Writer/ Director: John Waters
Reviewer: Marie Smith
Following its Off Broadway New York Success, this celebration of the genius and music of John Lennon comes to Preston.
Part concert, part biography and part monologue, Liverpool’s Daniel Taylor reveals the essence of the life and sheer talent of one of the world’s most treasured and well-loved icons, John Lennon.
This two-hander features over 30 hits of Lennon and Lennon/McCartney including Imagine, Revolution and Jealous Guy.
The song Glass Onion was John Lennon’s postscript to The Beatles, and the references to layers and crystal balls have inspired this show. The show is a montage of song, words, emotion and image but lacks energy in parts. Whereas one would expect Lennon to have had the audience clapping and singing along, there is no audience participation, even in the lively songs.
The storytelling between songs is quality and informative and with a simple spotlight flashing between Taylor and pianist Stewart D’Arrietta throughout the show, it is easy to engage with Taylor as John Lennon.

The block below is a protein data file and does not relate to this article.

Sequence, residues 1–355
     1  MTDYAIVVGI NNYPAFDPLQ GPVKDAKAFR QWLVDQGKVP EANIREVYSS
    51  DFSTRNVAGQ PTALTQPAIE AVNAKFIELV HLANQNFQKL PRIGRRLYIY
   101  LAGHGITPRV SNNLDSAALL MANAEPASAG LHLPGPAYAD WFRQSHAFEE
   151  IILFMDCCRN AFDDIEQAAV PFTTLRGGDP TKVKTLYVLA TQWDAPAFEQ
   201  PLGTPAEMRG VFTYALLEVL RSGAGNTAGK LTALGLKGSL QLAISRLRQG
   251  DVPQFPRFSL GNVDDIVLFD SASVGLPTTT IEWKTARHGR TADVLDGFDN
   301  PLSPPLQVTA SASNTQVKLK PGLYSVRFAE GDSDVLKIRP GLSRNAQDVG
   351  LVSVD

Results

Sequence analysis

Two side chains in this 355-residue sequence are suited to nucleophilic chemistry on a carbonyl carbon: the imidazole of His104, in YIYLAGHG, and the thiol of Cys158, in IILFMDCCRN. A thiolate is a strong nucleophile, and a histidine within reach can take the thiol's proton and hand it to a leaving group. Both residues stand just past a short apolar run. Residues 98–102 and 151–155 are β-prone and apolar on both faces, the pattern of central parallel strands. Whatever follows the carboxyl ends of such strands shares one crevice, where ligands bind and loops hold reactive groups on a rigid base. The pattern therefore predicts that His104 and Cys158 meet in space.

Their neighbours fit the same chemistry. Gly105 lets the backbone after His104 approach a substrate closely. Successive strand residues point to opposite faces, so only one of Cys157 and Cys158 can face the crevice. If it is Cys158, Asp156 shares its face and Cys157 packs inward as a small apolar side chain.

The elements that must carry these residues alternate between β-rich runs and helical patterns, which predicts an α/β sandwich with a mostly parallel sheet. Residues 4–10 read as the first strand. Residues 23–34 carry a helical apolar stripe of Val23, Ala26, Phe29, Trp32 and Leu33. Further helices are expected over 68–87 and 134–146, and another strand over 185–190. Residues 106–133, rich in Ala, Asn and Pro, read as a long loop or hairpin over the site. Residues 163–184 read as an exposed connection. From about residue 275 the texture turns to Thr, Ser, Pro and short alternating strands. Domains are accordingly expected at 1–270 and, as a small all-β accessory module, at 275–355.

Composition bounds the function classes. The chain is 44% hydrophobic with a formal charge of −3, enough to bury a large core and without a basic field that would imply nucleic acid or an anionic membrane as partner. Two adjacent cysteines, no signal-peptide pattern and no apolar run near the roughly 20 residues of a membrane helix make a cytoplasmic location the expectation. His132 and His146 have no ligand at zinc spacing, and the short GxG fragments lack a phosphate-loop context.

It’s December 8, 1980, and John has just turned forty – finally comfortable and content in his own skin, he is returning home to the Dakota Building after a recording session.
Lennon starts contemplating his life, the nature of fame and fandom, friendship, drugs, sex, love, loss and Lucy in the Sky With Diamonds.
The soundtrack to John’s story starts with A Day in the Life and includes classics like Help! and Strawberry Fields and the show ends, as expected, with Imagine.
Taylor – in double denim, little round glasses and mid-70s hair chews gum throughout and has similar tones to Lennon’s although some of what he says is lost with his accent and fast delivery.
Aussie musical director Stewart D’Arrietta plays various characters throughout the play with humour all from his piano. He plays a foreign doctor who tells Lennon he can’t have children unless he stops drugs and alcohol hilariously. He is fantastic on the grand piano and has great vocals, particularly in Imagine.
Touring until 22 October 2016 | Image: Contributed